Project co-Investigator Christine Lee (left) of JPL writing the label for a sea water sample being collected by co-Investigator Deepak Mishra (right) of the University of Georgia.

We also traveled a few kilometers up two sections of the Belize River: first, up the main channel (for a distance of 8 kilometers or 5 miles), and 10 kilometers (approximately 6 miles) up Haulover Creek, which divides Belize City north-south and is the final section of the river. Aside from the water samples collected, the Belize River “mangrove cathedrals”—stands of red mangrove (Rhizophora mangle) rising to about 20 meters (approx. 65 feet) in height—were also seen on the journey through Haulover Creek.

The interlocking canopies of red mangrove—reminiscent of church steeples—gave rise to the name “mangrove cathedrals.”

Locations of the 50 water quality samples collected on May 14 and 15, overlaid on top of a Landsat-8 image from May 20, 2019.

In total, 50 water quality samples were taken in the river and in the sea to determine sediment concentrations at each site. Additionally, using a hand-held sensor and a simple instrument called a Secchi disk, parameters like water depth, salinity, dissolved oxygen, pH, and temperature, were also measured. Locations of the 50 sample sites were geolocated using a handheld GPS receiver.

Rafael Grillo Avila of UC-Berkeley logging GPS coordinates, while Victor Alamina of WCS kept the boat steady.

On May 15, measurements were even taken at the same time as the Sentinel-2A satellite (from Europe’s Copernicus system) passed overhead! Unfortunately, the conditions were cloudy, so it wasn’t possible to estimate sediment concentrations from that imagery.

Copernicus Sentinel-2A image of Belize captured on Wed. May 15, when we were in the field; the red dots are the locations of the 21 water quality samples we collected that same day

Another fascinating part of the monitoring process is sampling in visibly tannin-rich river water near the mangrove cathedrals. Water could not be seen in different types of satellite images reviewed, including 30m Landsat imagery (NASA / USGS), 10m Sentinel-2 imagery (European Space Agency / Copernicus) or 3m Planet Labs Planetscope imagery. This is partly due to how narrow the river is, and mangrove trees overhanging the river, but it also means that it isn’t possible to use those types of images to examine water quality in portions of the Haulover Creek.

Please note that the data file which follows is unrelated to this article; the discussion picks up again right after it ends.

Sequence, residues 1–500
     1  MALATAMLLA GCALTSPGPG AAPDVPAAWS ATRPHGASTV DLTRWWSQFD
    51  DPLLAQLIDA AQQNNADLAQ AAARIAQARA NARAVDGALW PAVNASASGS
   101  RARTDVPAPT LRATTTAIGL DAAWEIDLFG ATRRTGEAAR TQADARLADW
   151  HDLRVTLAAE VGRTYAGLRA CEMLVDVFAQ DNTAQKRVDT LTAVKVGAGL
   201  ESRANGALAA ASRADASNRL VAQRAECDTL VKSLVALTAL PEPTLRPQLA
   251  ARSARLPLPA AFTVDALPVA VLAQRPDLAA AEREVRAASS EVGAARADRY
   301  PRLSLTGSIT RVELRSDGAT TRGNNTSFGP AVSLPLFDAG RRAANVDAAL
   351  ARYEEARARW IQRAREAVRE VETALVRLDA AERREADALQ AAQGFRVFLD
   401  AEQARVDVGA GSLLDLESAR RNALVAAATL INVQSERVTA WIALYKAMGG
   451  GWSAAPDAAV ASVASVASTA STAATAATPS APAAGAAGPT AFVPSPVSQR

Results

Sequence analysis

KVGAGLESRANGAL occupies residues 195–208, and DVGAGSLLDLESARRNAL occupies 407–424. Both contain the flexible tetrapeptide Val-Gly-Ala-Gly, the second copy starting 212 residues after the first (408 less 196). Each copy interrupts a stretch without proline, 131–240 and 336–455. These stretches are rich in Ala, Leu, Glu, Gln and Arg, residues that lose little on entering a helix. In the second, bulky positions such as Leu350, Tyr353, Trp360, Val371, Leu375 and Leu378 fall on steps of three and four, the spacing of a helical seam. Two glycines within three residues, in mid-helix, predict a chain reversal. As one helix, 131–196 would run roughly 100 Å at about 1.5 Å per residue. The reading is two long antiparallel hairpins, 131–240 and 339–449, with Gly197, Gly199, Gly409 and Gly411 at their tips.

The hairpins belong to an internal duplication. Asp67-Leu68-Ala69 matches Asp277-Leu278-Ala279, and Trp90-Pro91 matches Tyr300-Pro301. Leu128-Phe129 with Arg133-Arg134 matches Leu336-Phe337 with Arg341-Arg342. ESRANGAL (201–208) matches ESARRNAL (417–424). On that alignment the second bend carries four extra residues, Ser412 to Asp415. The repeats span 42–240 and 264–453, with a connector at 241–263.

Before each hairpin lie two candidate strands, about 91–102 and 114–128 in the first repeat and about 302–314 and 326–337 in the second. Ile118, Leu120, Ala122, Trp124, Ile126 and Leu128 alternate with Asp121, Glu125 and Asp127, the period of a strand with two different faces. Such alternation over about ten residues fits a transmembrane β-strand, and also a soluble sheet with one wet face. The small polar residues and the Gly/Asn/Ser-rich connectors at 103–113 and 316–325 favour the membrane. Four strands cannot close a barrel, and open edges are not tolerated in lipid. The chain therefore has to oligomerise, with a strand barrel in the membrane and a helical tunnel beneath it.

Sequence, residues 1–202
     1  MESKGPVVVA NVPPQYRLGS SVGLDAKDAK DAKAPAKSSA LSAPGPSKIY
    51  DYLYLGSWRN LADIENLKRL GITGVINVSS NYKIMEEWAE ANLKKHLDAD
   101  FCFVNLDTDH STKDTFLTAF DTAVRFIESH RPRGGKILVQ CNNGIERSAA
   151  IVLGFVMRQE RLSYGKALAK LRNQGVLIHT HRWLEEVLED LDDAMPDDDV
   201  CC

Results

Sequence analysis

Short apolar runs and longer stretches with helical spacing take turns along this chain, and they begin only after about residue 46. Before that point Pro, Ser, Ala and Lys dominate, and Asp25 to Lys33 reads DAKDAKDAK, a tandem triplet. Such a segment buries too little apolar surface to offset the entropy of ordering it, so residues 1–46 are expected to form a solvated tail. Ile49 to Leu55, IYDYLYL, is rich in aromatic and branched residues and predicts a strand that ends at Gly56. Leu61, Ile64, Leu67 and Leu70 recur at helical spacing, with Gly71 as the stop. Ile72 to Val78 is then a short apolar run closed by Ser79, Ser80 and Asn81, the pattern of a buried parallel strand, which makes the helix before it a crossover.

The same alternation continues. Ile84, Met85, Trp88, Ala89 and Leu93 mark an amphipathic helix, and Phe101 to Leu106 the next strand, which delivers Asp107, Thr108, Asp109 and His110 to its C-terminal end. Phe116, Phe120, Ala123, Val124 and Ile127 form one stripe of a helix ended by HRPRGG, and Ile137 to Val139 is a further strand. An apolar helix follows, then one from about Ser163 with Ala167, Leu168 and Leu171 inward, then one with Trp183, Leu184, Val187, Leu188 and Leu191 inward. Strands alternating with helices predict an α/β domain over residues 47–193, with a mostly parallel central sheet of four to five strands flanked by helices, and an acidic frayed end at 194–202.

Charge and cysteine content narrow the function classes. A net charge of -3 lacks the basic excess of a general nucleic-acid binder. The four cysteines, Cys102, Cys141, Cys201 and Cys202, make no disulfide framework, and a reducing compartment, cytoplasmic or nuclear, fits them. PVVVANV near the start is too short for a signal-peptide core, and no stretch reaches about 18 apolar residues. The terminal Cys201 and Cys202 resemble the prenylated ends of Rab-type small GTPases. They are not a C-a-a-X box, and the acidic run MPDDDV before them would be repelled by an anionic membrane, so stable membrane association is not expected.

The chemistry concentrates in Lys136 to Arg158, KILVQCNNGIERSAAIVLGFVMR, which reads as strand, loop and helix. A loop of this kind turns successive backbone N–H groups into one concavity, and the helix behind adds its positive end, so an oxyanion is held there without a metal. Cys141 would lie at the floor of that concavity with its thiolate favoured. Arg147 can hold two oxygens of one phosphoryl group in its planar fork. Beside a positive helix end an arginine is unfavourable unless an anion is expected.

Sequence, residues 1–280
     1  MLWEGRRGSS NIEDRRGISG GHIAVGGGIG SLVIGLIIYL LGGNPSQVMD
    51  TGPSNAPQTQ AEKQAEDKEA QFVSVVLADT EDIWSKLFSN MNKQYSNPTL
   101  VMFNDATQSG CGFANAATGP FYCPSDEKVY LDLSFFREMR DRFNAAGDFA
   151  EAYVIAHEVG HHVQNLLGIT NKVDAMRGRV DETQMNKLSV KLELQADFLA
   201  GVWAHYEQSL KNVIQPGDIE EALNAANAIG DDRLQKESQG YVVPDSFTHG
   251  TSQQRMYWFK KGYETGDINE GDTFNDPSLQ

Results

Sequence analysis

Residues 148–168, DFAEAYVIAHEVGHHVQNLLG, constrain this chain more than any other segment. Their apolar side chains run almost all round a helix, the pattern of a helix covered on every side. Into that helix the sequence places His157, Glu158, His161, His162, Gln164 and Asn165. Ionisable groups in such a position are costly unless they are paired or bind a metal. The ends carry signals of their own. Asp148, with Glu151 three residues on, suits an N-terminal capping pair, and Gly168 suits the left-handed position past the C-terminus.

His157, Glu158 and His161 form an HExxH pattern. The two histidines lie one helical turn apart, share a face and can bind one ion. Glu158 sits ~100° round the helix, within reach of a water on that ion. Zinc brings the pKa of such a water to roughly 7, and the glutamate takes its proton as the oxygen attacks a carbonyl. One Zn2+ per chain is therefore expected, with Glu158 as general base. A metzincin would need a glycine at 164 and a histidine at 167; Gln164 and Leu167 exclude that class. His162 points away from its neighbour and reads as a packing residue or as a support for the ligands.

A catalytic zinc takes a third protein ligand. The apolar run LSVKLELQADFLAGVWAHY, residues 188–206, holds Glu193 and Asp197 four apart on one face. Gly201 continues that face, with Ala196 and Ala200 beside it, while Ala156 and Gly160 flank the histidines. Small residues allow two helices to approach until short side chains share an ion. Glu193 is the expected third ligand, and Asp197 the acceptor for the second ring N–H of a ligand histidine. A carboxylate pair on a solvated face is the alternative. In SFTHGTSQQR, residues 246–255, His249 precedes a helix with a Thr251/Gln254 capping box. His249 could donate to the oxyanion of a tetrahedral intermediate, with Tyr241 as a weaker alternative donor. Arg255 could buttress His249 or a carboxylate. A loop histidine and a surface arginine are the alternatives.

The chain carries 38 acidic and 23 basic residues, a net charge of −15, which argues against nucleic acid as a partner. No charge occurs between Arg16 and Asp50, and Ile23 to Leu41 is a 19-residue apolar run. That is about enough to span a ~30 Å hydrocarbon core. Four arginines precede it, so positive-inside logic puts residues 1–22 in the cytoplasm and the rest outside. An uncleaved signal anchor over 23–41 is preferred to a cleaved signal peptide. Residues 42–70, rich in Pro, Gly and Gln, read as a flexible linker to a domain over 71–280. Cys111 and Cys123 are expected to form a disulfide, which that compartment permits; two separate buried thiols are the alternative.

April 2019 Planetscope imagery of some of the study locations (Source: Planet Labs)

Calibrating the satellite-based estimates of water quality (from Landsat and Sentinel-2) will rely on measurements from the water quality samples collected. Since seasonal influences affect water quality,  this year’s sampling was timed to coincide with the end of the dry season. Additional water quality samples are planned to be collected during the wet season later this year, as well as next year’s dry season. Using this data, our team expects to work with local partner organizations like Belize’s Coastal Zone Management Authority & Institute to provide an interactive virtual dashboard that shows how water quality is changing across the coast over time. The country will be able to quickly detect when water quality events affecting Belize’s coral reefs occur with the dashboard.

This research is supported by NASA under cooperative agreement number #80NSSC19K0200. The project team includes Nicole Auil-Gomez, project co-Investigator Dr. Alex Tewfik, Myles Phillips, Victor Alamina, Ralna Lewis, and Deseree Arzu of the WCS, project Principal Investigator Dr. Robert Griffin and co-Investigator Dr. Emil Cherrington of UAH, project co-Investigator Dr. Deepak Mishra of UGA, project co-Investigator Dr. Christine Lee of NASA JPL, and Ph.D. students Sol Kim, Xiaowei Wang, and Rafael Grillo Avila of UC-Berkeley. Dr. Cindy Schmidt, Associate Program Manager for the Ecological Forecasting program of the NASA Applied Science Program, also participated in the field visits.